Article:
As the population of the United Kingdom continues to rise with the number of new homes struggling to feed this increased demand, and with wages barely able to keep up with existing house prices; many people have to move further away from their jobs to live in areas which they can afford, meaning longer commute times on average.
Despite this universal issue, it has been found that there is a ‘Commuting Gender Gap’ where men are more likely to face longer commutes than women. We will analyse the data made available by the Office of National Statistics to check this trend.
Which Gender Commutes Longer on Average?
The data shows that almost two thirds of all commutes which last at least an hour are taken by men, while as the commute time falls, the ratio swings into the favour of women, with 55% of journeys lasting 15 minutes or less being taken by women.
Despite the gender gap here, the positive news is that the population density for each of these ‘buckets’ shows that the commute for all genders is most likely to be 15 minutes or less, and least likely to be 1 hour or more.
Which Modes of Transport are Most Common by Gender?
The statistics also provide an analysis into the modes of transport that are used by each gender.
If we first analyse the most traditional methods of commute, we can see that commuting by train is most likely to be chosen by men (a method used for long commutes), whereas women are more likely to take the bus or walk to work (methods used for typically shorter commutes).
Interestingly, the car is the most equal, and is also the most popular, being used for 65% of all commutes by either gender.
Cycling is shown as one of the most unequal forms of commute, being dominated by men.
Perhaps the stories about cycling on rush hour roads being dangerous make the more pragmatic women take safer modes of transport.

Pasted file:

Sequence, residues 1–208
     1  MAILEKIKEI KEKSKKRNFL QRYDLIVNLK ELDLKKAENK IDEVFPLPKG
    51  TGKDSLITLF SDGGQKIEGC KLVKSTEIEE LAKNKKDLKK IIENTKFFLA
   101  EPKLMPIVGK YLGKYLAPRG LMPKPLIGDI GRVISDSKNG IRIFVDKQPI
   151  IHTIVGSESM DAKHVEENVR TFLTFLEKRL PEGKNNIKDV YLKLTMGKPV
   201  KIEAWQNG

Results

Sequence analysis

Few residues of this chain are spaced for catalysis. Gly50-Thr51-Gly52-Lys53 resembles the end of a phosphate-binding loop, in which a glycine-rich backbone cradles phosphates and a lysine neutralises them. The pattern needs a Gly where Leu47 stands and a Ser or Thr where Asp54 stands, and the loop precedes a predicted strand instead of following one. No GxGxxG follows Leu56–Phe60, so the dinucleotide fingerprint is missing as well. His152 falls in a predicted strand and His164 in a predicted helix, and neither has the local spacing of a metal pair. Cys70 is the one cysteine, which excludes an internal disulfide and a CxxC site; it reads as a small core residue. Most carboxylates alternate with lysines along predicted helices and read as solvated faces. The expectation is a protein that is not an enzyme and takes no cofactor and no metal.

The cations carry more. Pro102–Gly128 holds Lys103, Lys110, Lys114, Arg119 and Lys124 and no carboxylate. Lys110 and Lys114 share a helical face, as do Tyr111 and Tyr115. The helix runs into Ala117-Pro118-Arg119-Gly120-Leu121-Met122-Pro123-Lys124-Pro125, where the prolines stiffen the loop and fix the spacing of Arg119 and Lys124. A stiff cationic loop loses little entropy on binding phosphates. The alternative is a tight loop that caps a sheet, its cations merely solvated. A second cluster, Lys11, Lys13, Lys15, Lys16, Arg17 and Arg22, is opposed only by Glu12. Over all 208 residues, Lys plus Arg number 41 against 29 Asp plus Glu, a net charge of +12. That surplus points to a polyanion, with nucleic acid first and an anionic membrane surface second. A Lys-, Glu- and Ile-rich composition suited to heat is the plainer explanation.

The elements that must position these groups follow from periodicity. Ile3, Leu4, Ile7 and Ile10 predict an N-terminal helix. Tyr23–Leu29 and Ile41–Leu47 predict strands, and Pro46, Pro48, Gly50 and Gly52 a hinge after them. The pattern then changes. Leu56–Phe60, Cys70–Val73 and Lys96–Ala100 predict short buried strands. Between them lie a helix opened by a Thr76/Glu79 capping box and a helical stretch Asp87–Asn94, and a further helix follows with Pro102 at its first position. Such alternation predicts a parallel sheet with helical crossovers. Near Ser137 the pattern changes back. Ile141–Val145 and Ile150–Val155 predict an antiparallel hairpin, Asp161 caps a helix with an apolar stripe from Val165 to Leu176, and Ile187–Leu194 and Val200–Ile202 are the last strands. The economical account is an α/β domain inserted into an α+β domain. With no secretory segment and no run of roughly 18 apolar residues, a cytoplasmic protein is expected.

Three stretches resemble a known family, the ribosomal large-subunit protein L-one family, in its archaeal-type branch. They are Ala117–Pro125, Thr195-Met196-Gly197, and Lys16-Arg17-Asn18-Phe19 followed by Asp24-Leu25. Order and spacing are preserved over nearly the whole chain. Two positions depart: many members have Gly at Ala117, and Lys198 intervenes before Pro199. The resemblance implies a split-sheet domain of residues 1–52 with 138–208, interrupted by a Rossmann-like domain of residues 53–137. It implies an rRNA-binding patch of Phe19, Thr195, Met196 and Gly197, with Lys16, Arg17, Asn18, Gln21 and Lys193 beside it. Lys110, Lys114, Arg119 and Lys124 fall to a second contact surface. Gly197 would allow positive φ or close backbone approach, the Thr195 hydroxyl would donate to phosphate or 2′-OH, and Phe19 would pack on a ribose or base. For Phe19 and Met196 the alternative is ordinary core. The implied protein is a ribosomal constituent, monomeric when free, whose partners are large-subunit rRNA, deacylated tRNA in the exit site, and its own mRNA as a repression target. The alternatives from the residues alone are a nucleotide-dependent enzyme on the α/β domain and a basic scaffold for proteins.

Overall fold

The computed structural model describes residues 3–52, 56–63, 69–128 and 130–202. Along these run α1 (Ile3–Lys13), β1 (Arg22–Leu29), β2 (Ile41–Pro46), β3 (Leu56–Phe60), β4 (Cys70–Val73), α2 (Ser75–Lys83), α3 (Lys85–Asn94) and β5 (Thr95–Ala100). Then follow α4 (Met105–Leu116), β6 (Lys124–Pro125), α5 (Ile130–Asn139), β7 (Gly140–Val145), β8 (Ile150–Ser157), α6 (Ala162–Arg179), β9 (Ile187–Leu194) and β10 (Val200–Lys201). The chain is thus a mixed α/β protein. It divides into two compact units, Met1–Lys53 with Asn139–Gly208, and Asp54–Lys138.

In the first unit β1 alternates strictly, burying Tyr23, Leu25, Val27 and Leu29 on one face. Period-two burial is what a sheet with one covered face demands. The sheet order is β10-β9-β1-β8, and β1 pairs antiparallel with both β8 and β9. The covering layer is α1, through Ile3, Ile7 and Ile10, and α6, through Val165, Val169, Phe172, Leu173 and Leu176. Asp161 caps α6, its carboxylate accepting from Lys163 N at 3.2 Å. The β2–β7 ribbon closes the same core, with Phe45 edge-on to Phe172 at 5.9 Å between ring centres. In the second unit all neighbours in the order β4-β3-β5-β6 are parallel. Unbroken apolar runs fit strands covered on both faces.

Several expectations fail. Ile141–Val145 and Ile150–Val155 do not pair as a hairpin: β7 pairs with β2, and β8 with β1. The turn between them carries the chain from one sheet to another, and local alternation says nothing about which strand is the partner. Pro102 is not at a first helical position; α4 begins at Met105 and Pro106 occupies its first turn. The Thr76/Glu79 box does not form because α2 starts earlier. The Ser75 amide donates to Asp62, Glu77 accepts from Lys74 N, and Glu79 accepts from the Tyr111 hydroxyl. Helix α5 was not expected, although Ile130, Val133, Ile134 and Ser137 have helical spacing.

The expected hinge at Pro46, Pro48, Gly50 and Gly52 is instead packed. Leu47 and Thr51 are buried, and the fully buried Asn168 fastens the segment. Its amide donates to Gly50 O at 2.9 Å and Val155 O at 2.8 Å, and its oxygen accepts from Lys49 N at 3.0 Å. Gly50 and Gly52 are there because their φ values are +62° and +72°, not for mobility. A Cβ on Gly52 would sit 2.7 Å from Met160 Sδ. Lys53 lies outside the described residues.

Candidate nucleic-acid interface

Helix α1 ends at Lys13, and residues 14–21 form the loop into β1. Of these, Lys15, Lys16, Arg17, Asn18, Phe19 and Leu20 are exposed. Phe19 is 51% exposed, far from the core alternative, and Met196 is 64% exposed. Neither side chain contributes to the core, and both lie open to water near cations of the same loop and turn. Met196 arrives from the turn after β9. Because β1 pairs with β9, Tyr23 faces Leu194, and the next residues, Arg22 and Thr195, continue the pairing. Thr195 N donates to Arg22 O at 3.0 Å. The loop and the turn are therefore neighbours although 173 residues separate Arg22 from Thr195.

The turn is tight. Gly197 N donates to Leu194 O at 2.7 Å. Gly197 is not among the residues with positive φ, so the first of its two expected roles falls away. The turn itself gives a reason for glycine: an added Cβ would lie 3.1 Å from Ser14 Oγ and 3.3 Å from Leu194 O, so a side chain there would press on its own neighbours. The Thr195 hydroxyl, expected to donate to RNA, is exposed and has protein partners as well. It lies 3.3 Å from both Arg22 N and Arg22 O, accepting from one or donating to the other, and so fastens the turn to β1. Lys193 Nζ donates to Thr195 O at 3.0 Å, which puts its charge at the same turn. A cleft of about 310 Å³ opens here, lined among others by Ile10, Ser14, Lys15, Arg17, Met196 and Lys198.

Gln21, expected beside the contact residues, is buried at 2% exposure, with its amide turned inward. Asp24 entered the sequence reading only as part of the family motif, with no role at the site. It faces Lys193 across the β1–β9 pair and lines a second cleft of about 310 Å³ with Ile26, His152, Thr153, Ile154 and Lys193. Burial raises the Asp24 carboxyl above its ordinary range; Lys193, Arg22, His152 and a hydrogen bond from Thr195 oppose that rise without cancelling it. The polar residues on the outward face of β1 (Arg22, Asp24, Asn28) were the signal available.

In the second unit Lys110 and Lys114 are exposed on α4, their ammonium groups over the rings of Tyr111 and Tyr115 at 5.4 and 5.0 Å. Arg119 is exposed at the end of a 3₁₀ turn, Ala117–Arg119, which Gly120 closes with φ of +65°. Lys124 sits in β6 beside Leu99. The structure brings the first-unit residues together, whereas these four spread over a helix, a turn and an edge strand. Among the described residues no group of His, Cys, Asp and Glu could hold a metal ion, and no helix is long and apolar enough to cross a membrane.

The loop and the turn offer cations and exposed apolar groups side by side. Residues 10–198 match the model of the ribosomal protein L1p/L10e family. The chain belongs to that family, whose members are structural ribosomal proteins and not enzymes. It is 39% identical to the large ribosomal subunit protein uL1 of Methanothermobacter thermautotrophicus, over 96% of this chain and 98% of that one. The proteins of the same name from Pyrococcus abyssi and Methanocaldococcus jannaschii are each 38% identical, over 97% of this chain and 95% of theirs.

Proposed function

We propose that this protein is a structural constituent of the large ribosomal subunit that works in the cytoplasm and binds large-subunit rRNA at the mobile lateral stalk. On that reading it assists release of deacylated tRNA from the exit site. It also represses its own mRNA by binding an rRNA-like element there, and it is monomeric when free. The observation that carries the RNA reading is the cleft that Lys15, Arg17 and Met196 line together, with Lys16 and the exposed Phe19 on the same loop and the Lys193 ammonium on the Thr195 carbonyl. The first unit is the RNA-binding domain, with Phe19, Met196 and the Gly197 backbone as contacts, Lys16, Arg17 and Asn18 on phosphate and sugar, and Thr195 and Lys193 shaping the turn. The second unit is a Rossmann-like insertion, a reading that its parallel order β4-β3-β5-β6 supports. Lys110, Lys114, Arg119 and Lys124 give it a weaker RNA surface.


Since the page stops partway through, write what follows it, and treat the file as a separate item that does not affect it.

The same can also be applied to commutes by motorbike.
Are Gender Differences Consistent for Each Region?
When we further the analysis to look at the gender split per region in the UK for commutes lasting at least an hour, we can see that there is only one region where there are more women taking these longer commutes than men.
The greatest difference from the data shows that the East of England has 76% of long commutes undertaken by men.
The data approaches equal in London which probably shows the fact that longer commutes are necessary regardless of gender, though this is still 60:40 in favour of men.
The North East is the only region of the 12 where more women commute for at least an hour.
Further to making the most commutes for an hour or more, men also make up the majority who are commuting from one region, and working in another:
From the data, we can see that 9% of all commuters regardless of gender are commuting from one region, to work in another.
Of this 9% population, 65% are men.
There is not a single region where there are more women than men in this proportion who are making the journey between regions.
This is most pronounced in Scotland, where only 23% of the commuters to a different region are women.
Apart from London, all regions show that women are more likely to commute for 15 minutes or less to their place of work.
The area where this is most pronounced is in the South East of England, where just 42% of men have the shorter commute.
Are Any Regions “Gender Equal”?
Interestingly, London is the only region to see anything close to gender equality of commutes.
Perhaps this is due to it being a region where having a short commute is a rare commodity.
Of the data analysed, there has been a clear upward trend in the number of people needing to take longer commutes.
The number of those taking at least one hour to commute has risen over 30% in the last 7 years.
The commute gap for these longer journeys is also becoming less distinct, with the increase in men taking these journeys by 27% in the last 7 years, which is small compared to the 39% increase for women in the same period.
For London which is where the most of these longer commutes takes place, the number of women travelling for more than an hour has increased by a huge 41%!
This is responsible for half of the total increase in these longer commutes by region.
In the current world where we are moving closer to equality in various aspects of life, it does make you wonder where other significant ‘gaps’ exist, and whether they justify the implementation of any correction policies.
In the case of the commute gap, I wonder what the situation would look like if we could resolve the issue of jobs being typically concentrated in major cities, and if we could improve the number of affordable houses in all areas.